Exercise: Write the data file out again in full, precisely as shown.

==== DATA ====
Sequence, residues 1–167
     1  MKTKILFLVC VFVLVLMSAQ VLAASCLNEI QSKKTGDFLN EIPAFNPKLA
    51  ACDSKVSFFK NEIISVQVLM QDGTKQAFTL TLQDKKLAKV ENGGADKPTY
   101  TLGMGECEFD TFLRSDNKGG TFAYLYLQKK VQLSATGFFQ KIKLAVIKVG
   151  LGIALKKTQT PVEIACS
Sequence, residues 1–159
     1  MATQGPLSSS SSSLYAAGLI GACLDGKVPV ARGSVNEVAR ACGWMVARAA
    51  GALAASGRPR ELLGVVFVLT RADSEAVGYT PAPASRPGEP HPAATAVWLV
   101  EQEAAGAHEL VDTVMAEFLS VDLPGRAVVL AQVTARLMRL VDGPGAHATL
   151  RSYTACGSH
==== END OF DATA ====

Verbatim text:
Sequence, residues 1–167
     1  MKTKILFLVC VFVLVLMSAQ VLAASCLNEI QSKKTGDFLN EIPAFNPKLA
    51  ACDSKVSFFK NEIISVQVLM QDGTKQAFTL TLQDKKLAKV ENGGADKPTY
   101  TLGMGECEFD TFLRSDNKGG TFAYLYLQKK VQLSATGFFQ KIKLAVIKVG
   151  LGIALKKTQT PVEIACS
Sequence, residues 1–159
     1  MATQGPLSSS SSSLYAAGLI GACLDGKVPV ARGSVNEVAR ACGWMVARAA
    51  GALAASGRPR ELLGVVFVLT RADSEAVGYT PAPASRPGEP HPAATAVWLV
   101  EQEAAGAHEL VDTVMAEFLS VDLPGRAVVL AQVTARLMRL VDGPGAHATL
   151  RSYTACGSH